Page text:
Franco v. Church of Jesus Christ of Latter-day Saints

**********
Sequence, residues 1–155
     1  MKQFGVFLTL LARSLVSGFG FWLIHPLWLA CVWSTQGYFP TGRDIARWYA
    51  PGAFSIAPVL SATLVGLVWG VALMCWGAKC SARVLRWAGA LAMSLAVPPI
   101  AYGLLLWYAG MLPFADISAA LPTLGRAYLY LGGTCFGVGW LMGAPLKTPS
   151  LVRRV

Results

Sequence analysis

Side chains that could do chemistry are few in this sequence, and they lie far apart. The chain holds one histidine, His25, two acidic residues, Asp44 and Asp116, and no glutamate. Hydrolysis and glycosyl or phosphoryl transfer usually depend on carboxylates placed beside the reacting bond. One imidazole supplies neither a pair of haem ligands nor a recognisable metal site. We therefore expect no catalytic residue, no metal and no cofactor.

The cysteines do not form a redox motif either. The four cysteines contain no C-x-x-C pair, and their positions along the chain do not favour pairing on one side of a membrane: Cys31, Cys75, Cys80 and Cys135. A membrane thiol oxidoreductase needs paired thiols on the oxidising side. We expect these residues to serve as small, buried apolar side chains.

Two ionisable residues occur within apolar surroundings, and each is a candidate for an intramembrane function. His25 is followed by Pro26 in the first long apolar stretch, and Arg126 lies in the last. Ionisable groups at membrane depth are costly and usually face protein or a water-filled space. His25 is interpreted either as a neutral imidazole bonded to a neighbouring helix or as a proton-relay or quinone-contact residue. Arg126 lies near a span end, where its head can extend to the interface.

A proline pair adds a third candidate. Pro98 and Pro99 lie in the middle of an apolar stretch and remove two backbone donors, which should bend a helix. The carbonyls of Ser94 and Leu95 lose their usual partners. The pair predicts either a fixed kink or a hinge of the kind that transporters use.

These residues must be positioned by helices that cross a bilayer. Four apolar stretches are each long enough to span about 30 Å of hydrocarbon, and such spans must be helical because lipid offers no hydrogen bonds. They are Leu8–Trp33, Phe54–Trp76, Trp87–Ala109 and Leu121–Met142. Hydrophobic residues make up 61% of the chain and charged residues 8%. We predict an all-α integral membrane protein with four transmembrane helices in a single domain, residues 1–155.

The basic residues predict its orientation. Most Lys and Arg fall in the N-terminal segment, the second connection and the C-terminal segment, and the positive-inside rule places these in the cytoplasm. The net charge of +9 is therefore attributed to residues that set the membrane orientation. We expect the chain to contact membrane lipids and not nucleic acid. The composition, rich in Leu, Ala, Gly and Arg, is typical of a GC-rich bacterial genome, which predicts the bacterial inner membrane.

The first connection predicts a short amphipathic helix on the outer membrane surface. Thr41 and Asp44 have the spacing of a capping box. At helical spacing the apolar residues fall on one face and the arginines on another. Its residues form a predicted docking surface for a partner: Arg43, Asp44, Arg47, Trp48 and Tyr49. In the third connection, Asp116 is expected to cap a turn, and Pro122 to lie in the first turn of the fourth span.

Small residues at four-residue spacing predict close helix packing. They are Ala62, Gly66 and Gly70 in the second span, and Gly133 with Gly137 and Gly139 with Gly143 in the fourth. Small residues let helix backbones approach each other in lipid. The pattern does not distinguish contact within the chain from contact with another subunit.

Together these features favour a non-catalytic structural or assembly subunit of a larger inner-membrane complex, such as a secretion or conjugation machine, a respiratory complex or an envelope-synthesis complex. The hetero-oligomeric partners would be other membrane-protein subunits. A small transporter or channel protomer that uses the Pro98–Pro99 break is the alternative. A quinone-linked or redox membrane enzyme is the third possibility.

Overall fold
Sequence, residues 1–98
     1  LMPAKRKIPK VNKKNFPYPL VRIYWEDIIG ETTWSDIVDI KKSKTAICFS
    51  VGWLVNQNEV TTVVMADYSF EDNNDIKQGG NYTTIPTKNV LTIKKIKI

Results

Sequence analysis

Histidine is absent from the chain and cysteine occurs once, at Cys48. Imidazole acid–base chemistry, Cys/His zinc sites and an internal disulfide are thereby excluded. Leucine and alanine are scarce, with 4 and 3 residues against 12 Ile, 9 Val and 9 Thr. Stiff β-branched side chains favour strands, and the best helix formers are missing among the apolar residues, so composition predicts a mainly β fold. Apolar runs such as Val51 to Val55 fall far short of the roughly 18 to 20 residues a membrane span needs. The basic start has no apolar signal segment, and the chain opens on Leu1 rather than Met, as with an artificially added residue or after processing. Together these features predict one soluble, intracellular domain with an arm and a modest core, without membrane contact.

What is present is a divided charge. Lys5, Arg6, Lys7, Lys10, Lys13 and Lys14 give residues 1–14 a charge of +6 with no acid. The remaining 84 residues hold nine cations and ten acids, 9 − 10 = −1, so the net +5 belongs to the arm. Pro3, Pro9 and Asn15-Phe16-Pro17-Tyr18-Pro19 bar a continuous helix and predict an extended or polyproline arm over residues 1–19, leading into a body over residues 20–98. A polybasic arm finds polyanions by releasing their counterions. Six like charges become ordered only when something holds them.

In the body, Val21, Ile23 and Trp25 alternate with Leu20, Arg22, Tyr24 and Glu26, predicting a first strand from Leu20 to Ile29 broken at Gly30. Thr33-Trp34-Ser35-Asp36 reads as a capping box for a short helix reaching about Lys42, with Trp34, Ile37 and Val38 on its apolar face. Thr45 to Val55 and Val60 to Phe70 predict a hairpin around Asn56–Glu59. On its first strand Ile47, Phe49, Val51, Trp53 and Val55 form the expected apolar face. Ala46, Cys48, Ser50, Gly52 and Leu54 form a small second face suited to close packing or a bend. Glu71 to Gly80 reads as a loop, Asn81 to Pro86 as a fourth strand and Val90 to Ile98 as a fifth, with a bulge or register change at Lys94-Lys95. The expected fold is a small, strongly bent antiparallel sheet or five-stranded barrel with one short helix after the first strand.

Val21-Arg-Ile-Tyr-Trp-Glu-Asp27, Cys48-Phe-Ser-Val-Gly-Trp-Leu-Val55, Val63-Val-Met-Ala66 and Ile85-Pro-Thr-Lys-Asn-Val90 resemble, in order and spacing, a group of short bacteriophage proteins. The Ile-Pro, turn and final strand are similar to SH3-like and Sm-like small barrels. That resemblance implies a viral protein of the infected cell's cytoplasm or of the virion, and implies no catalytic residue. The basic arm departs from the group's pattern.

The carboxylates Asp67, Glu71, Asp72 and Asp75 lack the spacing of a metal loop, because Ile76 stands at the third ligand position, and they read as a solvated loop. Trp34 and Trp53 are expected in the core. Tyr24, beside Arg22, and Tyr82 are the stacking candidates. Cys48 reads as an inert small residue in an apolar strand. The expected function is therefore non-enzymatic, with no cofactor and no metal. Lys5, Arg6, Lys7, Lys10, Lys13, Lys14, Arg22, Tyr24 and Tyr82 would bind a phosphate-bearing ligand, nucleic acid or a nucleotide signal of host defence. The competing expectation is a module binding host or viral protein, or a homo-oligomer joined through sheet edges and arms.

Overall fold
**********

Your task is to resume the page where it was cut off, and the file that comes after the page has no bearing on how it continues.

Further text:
In Franco v. Church of Jesus Christ of Latter-day Saints, 2001 UT 25, 21 P.3d 198, 203 (Utah 2001), a seven-year-old girl had been so severely sexually abused as a young child that she repressed the memory of the abuse until she was fourteen years old. Id., 200. Upon the child's recalling the sexual abuse, she and her parents, members of the Church of Jesus Christ of Latter-day Saints, sought counseling from their local bishop and stake president. Id., 200. Both advised the plaintiffs to "forgive, forget, and seek atonement." Id., 201. They also referred the family to an unlicensed family counselor, who also told the plaintiffs to forgive and forget and not go to the police. Id. After finally seeing another counselor and reporting the abuse to the police, the plaintiff daughter was "'ostracized and denigrated'" by the members of her local church ward, with the acquiescence of the bishop and stake president. Id. The defendants argued that the plaintiffs' claims were barred by the establishment clause and, thus, the Supreme Court of Utah analyzed the claims under that clause. Id. The court stated that although the entanglement doctrine does not bar all tort claims against clergy for misconduct, "it is well settled that civil tort claims against clerics that require the courts to review and interpret church law, policies, or practices in the determination of the claims are barred by the First Amendment under the entanglement doctrine." Id., 203. The court further commented that "courts throughout the United States have uniformly rejected claims for clergy malpractice under the First Amendment" because such claims would "necessarily entangle the court in the examination of religious doctrine, practice, or church polity--an inquiry that . . . is prohibited by the Establishment Clause." Id., 204.